Genome-wide association studies (GWAS) have identified several susceptibility loci for bipolar disorder (BP), most notably ANK3. However, most of the inherited risk for BP remains unexplained. One reason for the limited success may be the genetic heterogeneity of BP. Clinical sub-phenotypes of BP may identify more etiologically homogeneous subsets of patients, which can be studied with increased power to detect genetic variation. Here, we report on a mega-analysis of two widely studied sub-phenotypes of BP, age at onset and psychotic symptoms, which are familial and clinically significant. We combined data from three GWAS: NIMH Bipolar Disorder Genetic Association Information Network (GAIN-BP), NIMH Bipolar Disorder Genome Study (BiGS), and a German sample. The combined sample consisted of 2,836 BP cases with information on sub-phenotypes and 2,744 controls. Imputation was performed, resulting in 2.3 million SNPs available for analysis. No SNP reached genome-wide significance for either sub-phenotype. In addition, no SNP reached genome-wide significance in a meta-analysis with an independent replication sample. We had 80% power to detect associations with a common SNP at an OR of 1.6 for psychotic symptoms and a mean difference of 1.8 years in age at onset. Age at onset and psychotic symptoms in BP may be influenced by many genes of smaller effect sizes or other variants not measured well by SNP arrays, such as rare alleles.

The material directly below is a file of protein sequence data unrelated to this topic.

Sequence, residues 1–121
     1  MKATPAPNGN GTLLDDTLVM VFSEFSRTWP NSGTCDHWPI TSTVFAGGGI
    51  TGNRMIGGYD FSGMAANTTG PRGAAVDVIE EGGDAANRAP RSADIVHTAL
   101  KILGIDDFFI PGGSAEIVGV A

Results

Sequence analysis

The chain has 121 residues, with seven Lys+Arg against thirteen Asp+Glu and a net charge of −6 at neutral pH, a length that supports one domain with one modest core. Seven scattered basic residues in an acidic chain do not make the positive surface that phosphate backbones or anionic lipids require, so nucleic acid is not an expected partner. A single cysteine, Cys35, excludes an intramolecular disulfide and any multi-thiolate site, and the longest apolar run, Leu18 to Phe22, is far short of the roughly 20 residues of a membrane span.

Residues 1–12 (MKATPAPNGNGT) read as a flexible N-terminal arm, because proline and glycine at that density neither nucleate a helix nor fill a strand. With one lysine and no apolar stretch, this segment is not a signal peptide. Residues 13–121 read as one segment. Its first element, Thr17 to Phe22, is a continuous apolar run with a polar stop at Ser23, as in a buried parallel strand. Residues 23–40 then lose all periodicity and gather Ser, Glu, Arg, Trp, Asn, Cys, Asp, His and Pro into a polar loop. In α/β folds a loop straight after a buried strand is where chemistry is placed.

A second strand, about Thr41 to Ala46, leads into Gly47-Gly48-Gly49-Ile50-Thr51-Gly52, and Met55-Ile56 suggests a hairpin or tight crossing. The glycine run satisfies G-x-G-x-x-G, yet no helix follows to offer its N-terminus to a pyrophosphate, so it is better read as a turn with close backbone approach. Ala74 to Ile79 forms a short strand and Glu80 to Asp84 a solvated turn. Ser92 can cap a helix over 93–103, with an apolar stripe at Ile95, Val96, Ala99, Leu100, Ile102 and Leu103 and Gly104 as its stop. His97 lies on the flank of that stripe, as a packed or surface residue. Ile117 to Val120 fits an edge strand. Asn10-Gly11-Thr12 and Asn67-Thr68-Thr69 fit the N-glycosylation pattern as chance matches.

18. Integrated genome-wide analysis of genomic changes and gene regulation in human adrenocortical tissue samples.

    PubMed

    Gara, Sudheer Kumar; Wang, Yonghong; Patel, Dhaval; Liu-Chittenden, Yi; Jain, Meenu; Boufraqech, Myriem; Zhang, Lisa; Meltzer, Paul S; Kebebew, Electron

    2015-10-30